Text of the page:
I was surprised recently when I looked for the source of an odd piercing noise outside the bathroom window to see this colourful Australian King Parrot. It was eating seeds from a Billardiera heterophylla. In recent years there has been an increasing number of parrots in our garden because in the 1970's and 80's many people started planting Australian native plants in their gardens. When we planted this twisting vine about 25 years ago it was known as Sollya heterophylla. This particular one has a pale blue flower.

The parrot was startled by my movements and flew to the top of our pergola. 

In the following week I had set my students the exercise of using vine in an arrangement and, coincidently, Christine used some of the same vine in her arrangement. The first photo below is before correction.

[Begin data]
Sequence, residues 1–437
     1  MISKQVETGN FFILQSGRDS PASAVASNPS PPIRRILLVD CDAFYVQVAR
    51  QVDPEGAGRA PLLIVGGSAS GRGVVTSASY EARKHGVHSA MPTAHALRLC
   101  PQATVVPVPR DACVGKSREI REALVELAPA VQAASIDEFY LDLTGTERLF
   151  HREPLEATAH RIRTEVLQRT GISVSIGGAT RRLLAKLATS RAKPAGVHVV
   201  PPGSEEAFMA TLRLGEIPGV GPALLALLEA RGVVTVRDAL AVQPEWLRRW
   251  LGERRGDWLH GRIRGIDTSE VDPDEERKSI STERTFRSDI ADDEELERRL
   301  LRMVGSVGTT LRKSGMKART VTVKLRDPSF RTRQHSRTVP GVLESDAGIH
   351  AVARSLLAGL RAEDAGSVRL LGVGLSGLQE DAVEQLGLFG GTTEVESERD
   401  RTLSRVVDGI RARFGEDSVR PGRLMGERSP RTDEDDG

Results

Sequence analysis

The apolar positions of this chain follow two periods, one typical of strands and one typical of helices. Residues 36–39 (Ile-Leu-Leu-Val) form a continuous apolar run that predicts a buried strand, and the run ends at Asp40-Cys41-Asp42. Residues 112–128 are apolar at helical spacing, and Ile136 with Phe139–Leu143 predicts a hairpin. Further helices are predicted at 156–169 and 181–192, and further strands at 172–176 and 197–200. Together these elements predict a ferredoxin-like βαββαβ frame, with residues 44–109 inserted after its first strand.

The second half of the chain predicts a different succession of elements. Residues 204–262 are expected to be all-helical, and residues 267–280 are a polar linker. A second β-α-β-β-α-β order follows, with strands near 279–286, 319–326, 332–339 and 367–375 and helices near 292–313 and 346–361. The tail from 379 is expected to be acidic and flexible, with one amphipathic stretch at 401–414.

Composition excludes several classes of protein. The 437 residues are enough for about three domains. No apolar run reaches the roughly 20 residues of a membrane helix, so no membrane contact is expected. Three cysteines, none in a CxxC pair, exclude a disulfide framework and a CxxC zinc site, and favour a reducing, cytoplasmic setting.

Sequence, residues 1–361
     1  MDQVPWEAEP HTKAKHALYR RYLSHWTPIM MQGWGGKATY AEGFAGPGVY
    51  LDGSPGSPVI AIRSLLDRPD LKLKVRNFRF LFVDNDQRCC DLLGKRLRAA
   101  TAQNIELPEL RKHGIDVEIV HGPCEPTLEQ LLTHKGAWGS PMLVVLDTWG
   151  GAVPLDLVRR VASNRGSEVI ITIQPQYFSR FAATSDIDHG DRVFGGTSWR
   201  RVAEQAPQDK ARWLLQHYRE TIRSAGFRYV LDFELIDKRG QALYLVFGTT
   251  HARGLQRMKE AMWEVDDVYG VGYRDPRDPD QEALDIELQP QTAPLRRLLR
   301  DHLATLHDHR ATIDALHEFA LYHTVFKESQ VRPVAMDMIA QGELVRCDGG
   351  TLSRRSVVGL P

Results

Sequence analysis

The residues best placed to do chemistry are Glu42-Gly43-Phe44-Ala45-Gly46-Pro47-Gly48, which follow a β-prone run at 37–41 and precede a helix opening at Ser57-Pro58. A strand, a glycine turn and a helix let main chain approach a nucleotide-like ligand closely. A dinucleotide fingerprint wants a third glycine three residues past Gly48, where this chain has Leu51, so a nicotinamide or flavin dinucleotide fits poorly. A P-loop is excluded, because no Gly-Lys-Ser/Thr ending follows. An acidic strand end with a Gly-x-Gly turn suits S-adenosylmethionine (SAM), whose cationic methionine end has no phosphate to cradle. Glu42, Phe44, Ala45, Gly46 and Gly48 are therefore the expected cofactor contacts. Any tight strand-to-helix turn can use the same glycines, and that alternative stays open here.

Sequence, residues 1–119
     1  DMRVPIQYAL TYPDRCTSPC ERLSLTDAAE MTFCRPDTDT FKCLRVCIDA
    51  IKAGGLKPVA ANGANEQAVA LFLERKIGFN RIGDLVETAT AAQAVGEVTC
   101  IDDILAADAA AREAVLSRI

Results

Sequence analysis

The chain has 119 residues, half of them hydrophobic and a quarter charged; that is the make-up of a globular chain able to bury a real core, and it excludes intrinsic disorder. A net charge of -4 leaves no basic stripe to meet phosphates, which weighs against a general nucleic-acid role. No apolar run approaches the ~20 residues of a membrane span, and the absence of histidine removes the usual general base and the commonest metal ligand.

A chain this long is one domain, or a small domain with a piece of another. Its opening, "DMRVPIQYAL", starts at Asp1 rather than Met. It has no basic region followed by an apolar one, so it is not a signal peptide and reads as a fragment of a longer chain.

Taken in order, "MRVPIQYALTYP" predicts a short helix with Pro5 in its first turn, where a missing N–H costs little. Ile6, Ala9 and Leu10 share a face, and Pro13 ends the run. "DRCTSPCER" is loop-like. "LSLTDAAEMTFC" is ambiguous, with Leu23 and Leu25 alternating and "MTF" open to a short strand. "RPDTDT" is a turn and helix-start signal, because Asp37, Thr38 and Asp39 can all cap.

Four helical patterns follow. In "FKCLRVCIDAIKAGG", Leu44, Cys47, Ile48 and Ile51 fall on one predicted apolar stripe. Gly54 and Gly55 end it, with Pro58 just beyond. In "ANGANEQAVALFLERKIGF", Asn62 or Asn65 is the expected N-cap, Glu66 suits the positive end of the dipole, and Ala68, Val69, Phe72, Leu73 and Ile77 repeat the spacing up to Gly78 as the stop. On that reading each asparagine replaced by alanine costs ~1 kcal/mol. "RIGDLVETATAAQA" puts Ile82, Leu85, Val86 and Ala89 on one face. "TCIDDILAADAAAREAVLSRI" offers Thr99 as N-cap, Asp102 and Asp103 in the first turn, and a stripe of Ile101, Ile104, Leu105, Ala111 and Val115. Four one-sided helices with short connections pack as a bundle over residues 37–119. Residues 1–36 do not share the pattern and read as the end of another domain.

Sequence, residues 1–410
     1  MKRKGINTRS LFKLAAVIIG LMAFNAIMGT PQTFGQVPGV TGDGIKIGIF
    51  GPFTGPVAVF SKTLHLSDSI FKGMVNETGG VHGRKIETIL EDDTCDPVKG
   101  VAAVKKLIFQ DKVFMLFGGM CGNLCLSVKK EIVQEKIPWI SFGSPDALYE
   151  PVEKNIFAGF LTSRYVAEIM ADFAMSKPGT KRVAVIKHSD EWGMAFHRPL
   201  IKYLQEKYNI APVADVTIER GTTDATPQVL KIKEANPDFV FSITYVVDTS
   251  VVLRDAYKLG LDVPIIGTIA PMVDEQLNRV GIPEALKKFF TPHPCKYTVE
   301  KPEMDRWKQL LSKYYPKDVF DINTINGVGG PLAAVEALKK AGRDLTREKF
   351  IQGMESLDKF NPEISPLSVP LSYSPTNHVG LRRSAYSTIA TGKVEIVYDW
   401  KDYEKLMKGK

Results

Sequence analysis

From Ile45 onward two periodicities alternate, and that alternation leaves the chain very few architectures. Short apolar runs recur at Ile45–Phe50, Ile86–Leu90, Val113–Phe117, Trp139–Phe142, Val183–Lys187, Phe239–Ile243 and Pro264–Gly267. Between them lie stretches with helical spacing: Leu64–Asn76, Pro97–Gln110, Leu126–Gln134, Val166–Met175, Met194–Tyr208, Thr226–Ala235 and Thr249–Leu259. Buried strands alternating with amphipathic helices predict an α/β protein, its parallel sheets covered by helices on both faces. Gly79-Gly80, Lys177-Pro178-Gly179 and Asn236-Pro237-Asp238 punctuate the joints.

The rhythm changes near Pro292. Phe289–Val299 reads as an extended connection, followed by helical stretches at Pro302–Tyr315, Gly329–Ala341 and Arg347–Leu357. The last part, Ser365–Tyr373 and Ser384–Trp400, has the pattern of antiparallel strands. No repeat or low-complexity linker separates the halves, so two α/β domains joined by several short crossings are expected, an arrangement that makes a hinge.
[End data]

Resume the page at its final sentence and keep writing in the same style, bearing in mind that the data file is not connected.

Here it is again after correction. As you can see the irises have been neatened up. Christine wanted the flowers to make a mass contained within the volume of the vine.

She has created a good feeling of space both within the vine and around the work.

Ellie used a very different approach, emphasising the vine by using only one length with a beautiful curve. She has thus created a sense of the space above the vase. The lines are off-set by intensely red autumn leaves.

This weekend the Victorian Branch of the Sogetsu School has been very busy with two days of workshops given by Mr Yoshiro Umemura from Sydney. I will post some photos from the workshops next week.

Greetings from Christopher
27th July 2014

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